Carrot mousse

    Robyn wrote: "I'm not so sure I agree with you about pesto in the food processor as opposed to the mortar and pestle. I've made it at home - both ways - and I think the difference (if there is one) is very small. Perhaps I'm just not a good enough cook for it to make a big difference." "On the other hand - there are definitely things that should never see the inside of a food processor (like mashed potatoes - which wind up like glue)." I rarely use a food processor because the blades bruise the ingredient before they cut. It releases a lot of liquid which in some preparations I think should
  14. Chef Gateau wrote: "It would be desirable that someone should come up a kind of “Library type gourmet selection”: Old & new classics, great hits, public favorites. But will certainly be objections to this based on subjectivity. Who is going to make or who made the first best duck and peaches?…It should be the work of an historian." I like Robert's idea. My undergraduate education consisted of close readings of the classics of literature, philosophy, and science. The criteria for the selection of these great works was their place in the disciplined "conversation" of the Western intellect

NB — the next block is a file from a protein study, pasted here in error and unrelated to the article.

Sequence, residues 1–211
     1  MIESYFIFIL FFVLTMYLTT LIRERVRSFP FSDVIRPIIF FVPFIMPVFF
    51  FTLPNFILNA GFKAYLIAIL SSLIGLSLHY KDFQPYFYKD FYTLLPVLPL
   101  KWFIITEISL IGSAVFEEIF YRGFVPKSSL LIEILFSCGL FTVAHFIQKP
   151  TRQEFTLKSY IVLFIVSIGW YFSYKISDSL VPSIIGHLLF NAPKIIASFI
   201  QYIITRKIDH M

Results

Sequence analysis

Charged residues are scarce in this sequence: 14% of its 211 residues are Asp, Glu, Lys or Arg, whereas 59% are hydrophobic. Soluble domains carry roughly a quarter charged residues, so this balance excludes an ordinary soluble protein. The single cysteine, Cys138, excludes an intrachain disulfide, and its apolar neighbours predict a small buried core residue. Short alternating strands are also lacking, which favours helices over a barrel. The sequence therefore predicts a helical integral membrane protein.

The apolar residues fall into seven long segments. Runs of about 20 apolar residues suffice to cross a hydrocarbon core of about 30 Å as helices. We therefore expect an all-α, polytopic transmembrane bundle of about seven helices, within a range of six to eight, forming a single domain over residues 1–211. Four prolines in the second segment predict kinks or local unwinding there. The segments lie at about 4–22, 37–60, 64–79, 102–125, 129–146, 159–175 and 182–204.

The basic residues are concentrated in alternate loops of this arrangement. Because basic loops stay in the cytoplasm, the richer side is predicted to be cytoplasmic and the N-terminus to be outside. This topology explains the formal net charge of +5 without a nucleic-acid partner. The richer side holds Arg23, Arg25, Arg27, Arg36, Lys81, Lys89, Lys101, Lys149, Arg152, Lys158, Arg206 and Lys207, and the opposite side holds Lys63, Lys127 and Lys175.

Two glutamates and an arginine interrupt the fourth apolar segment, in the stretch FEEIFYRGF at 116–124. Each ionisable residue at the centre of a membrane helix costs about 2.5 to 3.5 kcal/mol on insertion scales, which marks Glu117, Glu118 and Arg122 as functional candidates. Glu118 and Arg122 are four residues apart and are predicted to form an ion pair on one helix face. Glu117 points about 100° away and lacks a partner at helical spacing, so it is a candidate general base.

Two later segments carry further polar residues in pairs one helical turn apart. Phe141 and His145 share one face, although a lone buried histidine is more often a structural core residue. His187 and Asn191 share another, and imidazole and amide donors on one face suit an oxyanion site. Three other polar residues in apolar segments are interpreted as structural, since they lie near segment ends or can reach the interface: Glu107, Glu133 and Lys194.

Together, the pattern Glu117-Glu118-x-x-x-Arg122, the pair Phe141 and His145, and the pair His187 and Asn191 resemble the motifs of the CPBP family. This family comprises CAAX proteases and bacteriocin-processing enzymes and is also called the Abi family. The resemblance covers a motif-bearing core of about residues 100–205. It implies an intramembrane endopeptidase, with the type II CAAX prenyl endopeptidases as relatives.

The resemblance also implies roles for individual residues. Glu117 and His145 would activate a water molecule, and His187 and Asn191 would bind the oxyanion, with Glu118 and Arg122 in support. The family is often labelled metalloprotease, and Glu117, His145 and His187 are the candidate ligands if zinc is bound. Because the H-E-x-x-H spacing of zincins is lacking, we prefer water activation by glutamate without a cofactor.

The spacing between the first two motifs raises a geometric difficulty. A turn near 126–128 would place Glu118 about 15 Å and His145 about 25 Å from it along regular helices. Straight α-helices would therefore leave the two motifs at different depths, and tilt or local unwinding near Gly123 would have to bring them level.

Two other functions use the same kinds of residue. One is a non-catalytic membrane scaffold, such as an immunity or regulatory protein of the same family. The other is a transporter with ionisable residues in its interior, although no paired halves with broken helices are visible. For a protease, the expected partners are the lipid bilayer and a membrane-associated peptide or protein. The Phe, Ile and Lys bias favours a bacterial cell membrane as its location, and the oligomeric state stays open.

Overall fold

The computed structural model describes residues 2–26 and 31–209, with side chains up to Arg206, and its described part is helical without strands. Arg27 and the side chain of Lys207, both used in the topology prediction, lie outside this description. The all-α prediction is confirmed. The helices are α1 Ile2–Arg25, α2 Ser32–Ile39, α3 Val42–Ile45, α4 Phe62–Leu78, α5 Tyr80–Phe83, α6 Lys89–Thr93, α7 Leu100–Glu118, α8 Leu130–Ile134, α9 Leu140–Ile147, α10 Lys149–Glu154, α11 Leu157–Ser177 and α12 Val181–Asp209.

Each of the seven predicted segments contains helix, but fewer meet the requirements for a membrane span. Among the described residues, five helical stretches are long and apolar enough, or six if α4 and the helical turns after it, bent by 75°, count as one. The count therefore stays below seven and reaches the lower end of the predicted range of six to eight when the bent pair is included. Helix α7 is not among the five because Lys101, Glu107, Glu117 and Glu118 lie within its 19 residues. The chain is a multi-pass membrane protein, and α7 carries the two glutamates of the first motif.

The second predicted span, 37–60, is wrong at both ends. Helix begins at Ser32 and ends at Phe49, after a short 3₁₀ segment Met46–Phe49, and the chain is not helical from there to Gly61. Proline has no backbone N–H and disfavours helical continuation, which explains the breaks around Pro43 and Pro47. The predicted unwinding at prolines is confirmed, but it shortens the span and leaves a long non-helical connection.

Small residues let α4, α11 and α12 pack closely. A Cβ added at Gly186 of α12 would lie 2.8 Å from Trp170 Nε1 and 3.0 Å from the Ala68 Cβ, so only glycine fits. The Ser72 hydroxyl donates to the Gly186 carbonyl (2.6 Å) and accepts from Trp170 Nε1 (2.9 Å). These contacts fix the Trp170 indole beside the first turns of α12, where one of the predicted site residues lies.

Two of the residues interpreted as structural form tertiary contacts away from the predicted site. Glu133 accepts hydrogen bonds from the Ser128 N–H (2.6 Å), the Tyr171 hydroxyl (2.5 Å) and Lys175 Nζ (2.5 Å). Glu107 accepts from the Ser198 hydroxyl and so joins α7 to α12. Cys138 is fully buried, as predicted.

15. Robert Brown asked: "These days can we fault Michel Bras for always taking up a slot on his menu for the Gargoyle of Baby Vegetables (which, by the way, may well have changed since the last tine I had it in 1997) or Alain Passard for his lobster in yellow wine?" Certainly not. These are great dishes. They endure on the menus because the chefs like to cook them. One of the things I believe we tend to neglect is how pleasurable cooking can be when you have good ingredients and the skill to make them into a great tasting dish. This neglect makes us think erroneously about cuisine, that is, w